By Megan Koch, November 25 2022—
Calgarians from all over the city were aflutter with excitement since July 2021 until just recently while HBO’s new series The Last of Us was filming in downtown Calgary. Stars like Pedro Pascal and Bella Ramsey were in town filming Canada’s most expensive television production ever while locals drove past the set and tried to take a look. It’s not the first time A-List actors have been in and around Calgary — films like Unforgiven starring and directed by Clint Eastwood and The Revenant starring Leonardo DiCaprio have scenes shot in and around our diverse city. The Last of Us definitely won’t be the last time exciting moments like these will happen in Calgary, either.
In September 2022, Calgary mayor Jyoti Gondek took a trade mission to Los Angeles with a clear goal in mind — keep the momentum of Calgary’s involvement in the production of movies and television going strong. She pitched to Hollywood executives and there was immediate interest. Even though it might have made it easier to let Hollywood have the green light on everything, Gondek was clear that the two most important factors are collaboration and conservation. Working together is what makes large-scale production possible, and land conservation is essential to save ranchlands around the area — something achievable with the economic help of filmmaking and television show production in Calgary.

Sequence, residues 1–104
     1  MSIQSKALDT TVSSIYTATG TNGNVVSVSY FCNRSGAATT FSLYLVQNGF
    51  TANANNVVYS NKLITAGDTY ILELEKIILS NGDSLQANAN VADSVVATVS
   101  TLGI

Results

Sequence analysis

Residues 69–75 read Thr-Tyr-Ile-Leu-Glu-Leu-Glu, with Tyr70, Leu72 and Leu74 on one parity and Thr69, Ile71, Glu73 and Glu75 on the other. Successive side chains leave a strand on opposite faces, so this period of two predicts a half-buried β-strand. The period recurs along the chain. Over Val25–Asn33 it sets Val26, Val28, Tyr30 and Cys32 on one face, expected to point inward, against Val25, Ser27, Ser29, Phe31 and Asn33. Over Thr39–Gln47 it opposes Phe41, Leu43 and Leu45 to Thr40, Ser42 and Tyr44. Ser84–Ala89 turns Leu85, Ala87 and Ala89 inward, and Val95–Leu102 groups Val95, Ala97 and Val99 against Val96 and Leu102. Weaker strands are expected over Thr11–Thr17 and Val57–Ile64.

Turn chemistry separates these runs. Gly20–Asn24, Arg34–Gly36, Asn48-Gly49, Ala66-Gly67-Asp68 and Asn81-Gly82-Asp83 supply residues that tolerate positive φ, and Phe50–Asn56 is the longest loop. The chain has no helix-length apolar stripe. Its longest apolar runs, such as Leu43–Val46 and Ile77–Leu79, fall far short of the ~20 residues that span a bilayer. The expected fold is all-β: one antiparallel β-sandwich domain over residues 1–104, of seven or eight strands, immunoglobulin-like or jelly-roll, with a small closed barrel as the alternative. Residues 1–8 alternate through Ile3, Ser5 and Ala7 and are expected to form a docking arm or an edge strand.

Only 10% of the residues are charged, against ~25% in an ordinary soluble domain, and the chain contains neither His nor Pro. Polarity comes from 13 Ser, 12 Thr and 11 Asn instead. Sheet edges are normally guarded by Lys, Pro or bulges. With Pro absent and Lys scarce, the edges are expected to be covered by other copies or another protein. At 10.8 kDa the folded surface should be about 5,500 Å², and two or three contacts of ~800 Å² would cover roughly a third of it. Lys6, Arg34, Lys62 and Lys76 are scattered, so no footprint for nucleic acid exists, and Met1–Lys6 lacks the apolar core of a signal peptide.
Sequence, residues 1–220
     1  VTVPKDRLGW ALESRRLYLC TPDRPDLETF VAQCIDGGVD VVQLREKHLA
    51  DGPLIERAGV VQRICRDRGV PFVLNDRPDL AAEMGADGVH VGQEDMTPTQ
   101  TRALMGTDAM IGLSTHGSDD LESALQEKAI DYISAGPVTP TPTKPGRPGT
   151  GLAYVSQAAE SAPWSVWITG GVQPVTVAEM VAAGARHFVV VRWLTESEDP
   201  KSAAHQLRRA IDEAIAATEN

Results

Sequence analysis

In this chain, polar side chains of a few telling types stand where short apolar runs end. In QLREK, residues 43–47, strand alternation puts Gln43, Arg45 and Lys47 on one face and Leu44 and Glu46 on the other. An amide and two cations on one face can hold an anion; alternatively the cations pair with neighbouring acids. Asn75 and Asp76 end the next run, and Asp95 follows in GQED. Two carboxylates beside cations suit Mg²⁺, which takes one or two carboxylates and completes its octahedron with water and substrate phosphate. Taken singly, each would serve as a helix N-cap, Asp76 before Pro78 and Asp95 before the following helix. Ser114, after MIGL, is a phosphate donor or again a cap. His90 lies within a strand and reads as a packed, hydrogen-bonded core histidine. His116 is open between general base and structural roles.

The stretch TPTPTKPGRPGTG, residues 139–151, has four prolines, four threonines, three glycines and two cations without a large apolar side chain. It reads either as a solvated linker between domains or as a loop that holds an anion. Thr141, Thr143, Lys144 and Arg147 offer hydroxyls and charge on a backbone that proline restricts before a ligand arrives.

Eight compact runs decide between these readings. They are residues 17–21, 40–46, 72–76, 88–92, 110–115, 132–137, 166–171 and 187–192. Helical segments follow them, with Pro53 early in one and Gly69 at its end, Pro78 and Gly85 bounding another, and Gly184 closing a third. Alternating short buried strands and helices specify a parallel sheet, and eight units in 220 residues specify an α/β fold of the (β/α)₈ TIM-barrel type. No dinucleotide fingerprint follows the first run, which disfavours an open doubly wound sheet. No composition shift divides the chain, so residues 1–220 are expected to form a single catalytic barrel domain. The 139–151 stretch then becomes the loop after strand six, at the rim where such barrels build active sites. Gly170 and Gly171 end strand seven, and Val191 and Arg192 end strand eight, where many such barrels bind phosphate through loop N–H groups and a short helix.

By March 2023, a fully-operational filming studio will be ready to welcome film creators and will be semi-operational by mid-November. The Rocky Mountain Film Studios (RMFS) consists of two buildings and will help boost Calgary’s already formidably diverse filming locations to a new level. Not only will the studios be great for filming, but RMFS will also be constructing spaces for post-production as well. In addition to the filming studios, the city itself, the Rocky Mountains, surrounding ranchlands, and a desert gives filmmakers easy access to an endless array of settings. Unlike Toronto and Vancouver, the country’s biggest filming hubs, Calgary is a central homebase to nearly any landscape a filmmaker could desire, which is why Calgary is slowly but surely climbing the ranks in terms of Canada’s popular filming locations.
Another major focus that goes hand in hand with Calgary’s growing film hub status is to keep local talent in Calgary. Festivals like Calgary International Film Festival (CIFF) and Calgary Underground Film Festival (CUFF) are great opportunities for local filmmakers and talent to network and learn about the industry, and maybe find their own place within it.
It’s important to keep the work in Calgary so Calgarians interested in film and television have the opportunity to do what they love, without moving out of the province.